Watch this short film about Silent Orchestra – a set of multi-sensory instruments for people living with dementia.
Artist Jenny Hibberd, music tutor James Skyes and programmer Andrew Johnston created Silent Orchestra. It is a set of multi-sensory musical instruments. They are designed for use in residential care. The instruments are light, brightly coloured and small enough to sit comfortably on someone’s lap. The musical output comes out of headphones.
The notes each instrument can play are on the pentatonic scale. This means they stay in harmony regardless of the user’s musical choices. As notes are played, they light up a LED screen, which is part of the ‘orchestras’ set up. It comes with two vibrating cushions for people’s laps. They can be felt vibrating as the music plays, offering an additional sensory experience.
About the project
The project is a partnership between City Arts and the Institute of Mental Health. It is a response to the Institute’s ORCHARD study. ORCHARD stands for optimising hearing-related communication for care home residents with dementia. It argues that the communication needs of care home residents with hearing loss alongside dementia are often overlooked. The study has developed a theory for how care homes could manage this better.
Silent Orchestra was created as a response to the findings of this research. Artist Jenny Hibberd, music tutor James Skyes and programmer Andrew Johnston worked with City Arts to create the set of instruments.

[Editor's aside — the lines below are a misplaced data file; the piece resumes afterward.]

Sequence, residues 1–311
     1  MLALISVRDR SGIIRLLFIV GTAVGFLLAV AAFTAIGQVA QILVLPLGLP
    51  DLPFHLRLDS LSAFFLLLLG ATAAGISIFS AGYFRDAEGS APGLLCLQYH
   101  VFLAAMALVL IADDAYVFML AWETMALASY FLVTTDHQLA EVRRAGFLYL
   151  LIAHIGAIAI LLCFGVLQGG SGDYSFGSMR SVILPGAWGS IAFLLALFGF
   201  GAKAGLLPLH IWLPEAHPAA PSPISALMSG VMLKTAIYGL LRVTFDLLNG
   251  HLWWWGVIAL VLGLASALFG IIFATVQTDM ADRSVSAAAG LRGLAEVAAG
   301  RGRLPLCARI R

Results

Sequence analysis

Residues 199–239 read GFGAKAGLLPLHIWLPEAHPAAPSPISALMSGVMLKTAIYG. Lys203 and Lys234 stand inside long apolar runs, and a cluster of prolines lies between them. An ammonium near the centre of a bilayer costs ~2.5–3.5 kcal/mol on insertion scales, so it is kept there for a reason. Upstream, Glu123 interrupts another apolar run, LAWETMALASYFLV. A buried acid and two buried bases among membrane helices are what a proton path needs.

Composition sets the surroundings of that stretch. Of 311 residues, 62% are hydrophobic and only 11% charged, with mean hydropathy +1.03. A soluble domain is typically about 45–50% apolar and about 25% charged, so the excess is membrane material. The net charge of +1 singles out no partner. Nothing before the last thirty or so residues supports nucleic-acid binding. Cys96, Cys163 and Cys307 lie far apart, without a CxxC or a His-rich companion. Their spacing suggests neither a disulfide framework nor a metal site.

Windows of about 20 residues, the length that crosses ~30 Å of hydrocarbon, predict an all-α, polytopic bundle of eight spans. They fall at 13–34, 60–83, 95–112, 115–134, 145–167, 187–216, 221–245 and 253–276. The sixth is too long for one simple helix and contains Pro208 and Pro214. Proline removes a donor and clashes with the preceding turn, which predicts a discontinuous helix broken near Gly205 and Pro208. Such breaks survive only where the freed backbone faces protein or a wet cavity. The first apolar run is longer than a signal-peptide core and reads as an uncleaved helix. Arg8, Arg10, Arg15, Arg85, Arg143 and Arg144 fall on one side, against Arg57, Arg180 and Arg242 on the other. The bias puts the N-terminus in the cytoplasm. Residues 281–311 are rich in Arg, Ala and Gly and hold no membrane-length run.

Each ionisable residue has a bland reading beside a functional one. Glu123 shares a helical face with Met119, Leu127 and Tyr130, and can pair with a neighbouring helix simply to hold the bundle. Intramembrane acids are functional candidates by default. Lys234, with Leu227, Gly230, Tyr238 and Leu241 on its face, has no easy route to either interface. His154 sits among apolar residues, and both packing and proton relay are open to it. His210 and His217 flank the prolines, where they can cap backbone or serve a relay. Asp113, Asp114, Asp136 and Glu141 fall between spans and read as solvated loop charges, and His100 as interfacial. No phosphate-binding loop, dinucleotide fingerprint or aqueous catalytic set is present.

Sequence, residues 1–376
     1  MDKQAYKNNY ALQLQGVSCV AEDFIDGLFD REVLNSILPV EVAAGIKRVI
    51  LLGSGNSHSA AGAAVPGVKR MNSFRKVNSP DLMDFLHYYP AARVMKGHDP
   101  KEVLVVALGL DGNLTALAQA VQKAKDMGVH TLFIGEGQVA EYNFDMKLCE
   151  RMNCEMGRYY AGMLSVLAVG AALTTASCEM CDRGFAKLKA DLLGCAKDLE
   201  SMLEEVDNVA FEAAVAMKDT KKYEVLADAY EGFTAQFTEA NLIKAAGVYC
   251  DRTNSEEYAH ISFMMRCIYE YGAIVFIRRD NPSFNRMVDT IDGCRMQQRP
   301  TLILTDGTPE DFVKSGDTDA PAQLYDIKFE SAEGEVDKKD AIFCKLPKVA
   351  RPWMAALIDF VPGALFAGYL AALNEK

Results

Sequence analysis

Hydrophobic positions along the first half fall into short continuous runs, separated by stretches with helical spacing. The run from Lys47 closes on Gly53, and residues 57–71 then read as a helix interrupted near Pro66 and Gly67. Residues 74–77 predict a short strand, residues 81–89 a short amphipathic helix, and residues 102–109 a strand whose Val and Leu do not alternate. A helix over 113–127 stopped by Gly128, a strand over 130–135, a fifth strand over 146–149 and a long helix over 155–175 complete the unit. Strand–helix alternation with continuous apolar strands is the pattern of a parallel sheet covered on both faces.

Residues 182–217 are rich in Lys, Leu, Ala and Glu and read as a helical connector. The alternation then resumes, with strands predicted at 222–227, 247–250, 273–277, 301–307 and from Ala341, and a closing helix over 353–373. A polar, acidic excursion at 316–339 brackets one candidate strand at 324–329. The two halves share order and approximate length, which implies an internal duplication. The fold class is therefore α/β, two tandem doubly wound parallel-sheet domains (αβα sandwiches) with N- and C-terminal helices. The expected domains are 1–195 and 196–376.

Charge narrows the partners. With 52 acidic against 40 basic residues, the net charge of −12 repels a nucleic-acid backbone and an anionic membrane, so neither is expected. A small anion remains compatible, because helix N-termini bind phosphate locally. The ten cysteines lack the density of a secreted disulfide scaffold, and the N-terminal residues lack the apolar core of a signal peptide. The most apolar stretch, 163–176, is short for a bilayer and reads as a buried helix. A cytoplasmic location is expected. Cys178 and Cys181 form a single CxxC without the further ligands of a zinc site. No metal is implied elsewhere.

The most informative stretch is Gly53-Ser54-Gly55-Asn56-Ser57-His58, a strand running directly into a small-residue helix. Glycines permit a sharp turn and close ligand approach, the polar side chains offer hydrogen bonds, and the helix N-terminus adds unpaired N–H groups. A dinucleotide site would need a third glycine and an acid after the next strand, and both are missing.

As part of their research, the team led a series of workshops at Skylarks’ Church Farm care home. Church Farm is a specialist home which supports the needs of people living with dementia. The workshops were intimate performances that encouraged residents to take part. They could sing along, or experiment with instruments alongside the musicians. As the sessions progressed, residents were asked to put in song requests for the following week. The sessions were relaxed and uplifting, a breath of fresh air, bringing a positive atmosphere to the home. Some residents got up to dance!
The workshops helped inform the design of Silent Orchestra. It involved many hours of technical and practical problem-solving. When building it, Jenny, James and Andrew took full advantage of local resources like Nottingham Hackspace.
Music and Dementia
It was lovely to see Skylark’s residents affected by the music. Research suggests music can help people in the advanced stages of dementia connect with others. This is true even when other external influences no longer have impact.
It is also a great way to start conversations with between care home residents and their visitors. We saw that music helped prompt conversation between family members, other residents and staff. It brought out shared memories and brought people together. For residents unable to fully participate in session, we noticed them slowly moving their hands or tapping their feet. It’s very exciting to know you are reaching people through music.
It’s fair to say that producing Silent Orchestra has created more questions than answers. It will be exciting to see where it leads.